Gap Inc

Topics: Millard Drexler, Gap, Patrick Robinson Pages: 6 (1425 words) Published: September 5, 2013
Project
On
Study the Segmentation, Positioning and Target Market of GAP Inc.

Submitted by
Ashish Dhama
Heer Jhurmarwala
Kavina Mamtora

Under the supervision of
Ms. Noopur Chopra

Submitted to
National Institute of Fashion Technology (NIFT)
(Ministry of Textiles, Govt. of India)
GH-0 Road, Behind Infocity
Gandhinagar 382007. Gujarat
http://www.nift.ac.in
September, 2013
About the Brand
Doris and Don Fisher opened the first Gap store in 1969. The reason was simple. Don couldn’t find a pair of jeans that fit. They never expected to transform retail. But they did.

Guided by humility, compassion and a strong desire to win, the Fishers grew their company thoughtfully. Customers responded.

Today, Gap Inc. is a leading international specialty retailer with six brands – Gap, Banana Republic, Old Navy, Piperlime, Athleta and INTERMIX – over 3,400 stores and 133,000 employees.

We’re growing globally, and just within the last few years, we opened our first stores in China and Italy. We're expanding online shopping to customers, too. Today, customers in about 90 countries can buy our products.  

While many things have changed since 1969, the principles on which we were founded have stayed the same: creativity, delivering results, doing what’s right and always thinking of our customers first. History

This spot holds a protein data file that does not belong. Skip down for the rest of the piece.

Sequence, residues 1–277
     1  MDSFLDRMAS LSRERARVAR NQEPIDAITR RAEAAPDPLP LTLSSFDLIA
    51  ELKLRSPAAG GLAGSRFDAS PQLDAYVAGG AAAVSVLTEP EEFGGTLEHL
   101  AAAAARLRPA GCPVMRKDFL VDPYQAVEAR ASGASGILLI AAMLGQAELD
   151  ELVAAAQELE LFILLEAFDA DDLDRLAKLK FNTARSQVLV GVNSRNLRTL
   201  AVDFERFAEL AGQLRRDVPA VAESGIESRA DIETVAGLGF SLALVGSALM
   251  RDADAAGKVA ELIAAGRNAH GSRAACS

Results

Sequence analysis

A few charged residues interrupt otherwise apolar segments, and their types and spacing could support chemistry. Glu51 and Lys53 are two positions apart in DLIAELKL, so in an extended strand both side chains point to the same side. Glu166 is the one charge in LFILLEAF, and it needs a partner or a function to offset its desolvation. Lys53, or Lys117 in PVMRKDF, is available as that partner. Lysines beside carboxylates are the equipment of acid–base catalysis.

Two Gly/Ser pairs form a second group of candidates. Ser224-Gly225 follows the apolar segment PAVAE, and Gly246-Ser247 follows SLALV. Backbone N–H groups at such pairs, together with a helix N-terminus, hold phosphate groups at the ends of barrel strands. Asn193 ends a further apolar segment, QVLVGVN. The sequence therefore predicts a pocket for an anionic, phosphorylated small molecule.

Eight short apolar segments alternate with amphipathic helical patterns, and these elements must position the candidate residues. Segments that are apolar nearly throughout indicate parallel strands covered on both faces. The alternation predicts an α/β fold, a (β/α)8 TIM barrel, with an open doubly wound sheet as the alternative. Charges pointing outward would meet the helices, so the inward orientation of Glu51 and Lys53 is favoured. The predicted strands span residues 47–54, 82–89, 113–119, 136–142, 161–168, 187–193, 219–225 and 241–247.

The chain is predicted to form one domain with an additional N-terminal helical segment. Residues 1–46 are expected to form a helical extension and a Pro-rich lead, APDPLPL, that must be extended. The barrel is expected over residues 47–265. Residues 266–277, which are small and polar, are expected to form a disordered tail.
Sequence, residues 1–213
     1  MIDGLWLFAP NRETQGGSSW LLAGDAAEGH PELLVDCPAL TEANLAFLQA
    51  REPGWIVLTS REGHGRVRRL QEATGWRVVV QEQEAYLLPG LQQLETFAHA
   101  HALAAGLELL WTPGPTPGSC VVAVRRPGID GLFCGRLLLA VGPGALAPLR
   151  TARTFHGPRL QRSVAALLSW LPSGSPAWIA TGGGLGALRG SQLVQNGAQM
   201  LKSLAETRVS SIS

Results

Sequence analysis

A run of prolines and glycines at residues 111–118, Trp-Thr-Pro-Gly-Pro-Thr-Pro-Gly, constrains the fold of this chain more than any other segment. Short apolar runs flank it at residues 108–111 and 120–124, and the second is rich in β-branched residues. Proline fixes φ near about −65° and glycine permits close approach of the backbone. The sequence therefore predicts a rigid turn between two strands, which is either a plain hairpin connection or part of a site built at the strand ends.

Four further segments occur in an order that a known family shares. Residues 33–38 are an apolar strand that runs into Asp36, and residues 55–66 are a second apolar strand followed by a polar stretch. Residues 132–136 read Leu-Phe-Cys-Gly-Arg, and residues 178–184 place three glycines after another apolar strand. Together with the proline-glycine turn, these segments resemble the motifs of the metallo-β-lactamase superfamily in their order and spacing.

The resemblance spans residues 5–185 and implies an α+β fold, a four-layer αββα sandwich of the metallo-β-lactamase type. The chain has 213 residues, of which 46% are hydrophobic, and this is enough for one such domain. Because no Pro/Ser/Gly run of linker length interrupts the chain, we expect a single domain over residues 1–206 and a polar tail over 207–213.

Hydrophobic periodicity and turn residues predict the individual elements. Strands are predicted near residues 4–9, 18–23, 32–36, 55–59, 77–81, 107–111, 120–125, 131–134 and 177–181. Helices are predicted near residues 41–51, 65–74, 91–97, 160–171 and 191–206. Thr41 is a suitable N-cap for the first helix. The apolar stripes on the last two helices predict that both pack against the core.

Donald and Doris Fisher opened the first Gap store on Ocean Avenue in San Francisco on August 21, 1969; its merchandise consisted of Levi's and LP records. They had raised $63,000 to open the store,[1] and reached $2 million in sales in the first year of operation. In 1970, Gap opened its second store in San Jose, California and established its corporate headquarters in Burlingame, California with four employees. By 1973, the company had over 25 locations and had expanded into the East Coast market with a store in the Echelon in Voorhees, New Jersey. In 1974, Gap began to sell private-label merchandise. In the 1990s, Gap assumed an upscale identity and revamped its inventory under the direction of Millard Drexler. However, Drexler was removed from his position in 2002 after over-expansion, a 29-month slump in sales, and tensions with the Fisher family. Drexler refused to sign a non-compete agreement and eventually became CEO of J. Crew. One month after his departure, merchandise that he had ordered was responsible for a strong rebound in sales. Robert J. Fisher recruited Paul Pressler as the new CEO; he was credited with closing under-performing locations and paying off debt. However, his focus groups failed to recover the company's leadership in its market. In 2007, Gap announced that it would "focus [its] efforts on recruiting a chief executive officer who has deep retailing and merchandising experience ideally in apparel, understands the creative process and can effectively execute strategies in large, complex environments while maintaining strong financial discipline." That January, Pressler resigned after two disappointing holiday sales seasons and was succeeded by Robert J. Fisher on an interim basis. He began working with the company in 1980 and joined the board in 1990, and would later assume several senior executive positions, including president of Banana Republic and the Gap units. The board's search committee was led by Adrian Bellamy, chairman of The Body Shop International and included founder Donald Fisher. On February 2, Marka Hansen, the former head of the Banana Republic division, replaced Cynthia Harriss as the leader of the Gap division. The executive president for marketing and merchandising Jack Calhoun became interim president of Banana Republic. In May, Old Navy laid off approximately 300 managers in lower volume locations to help streamline costs. That July, Glenn Murphy, previously CEO of Shoppers Drug Mart in Canada, was announced as the new CEO of Gap, Inc. New lead designers were also brought on board to help define a fashionable image, including Patrick Robinson for Gap...
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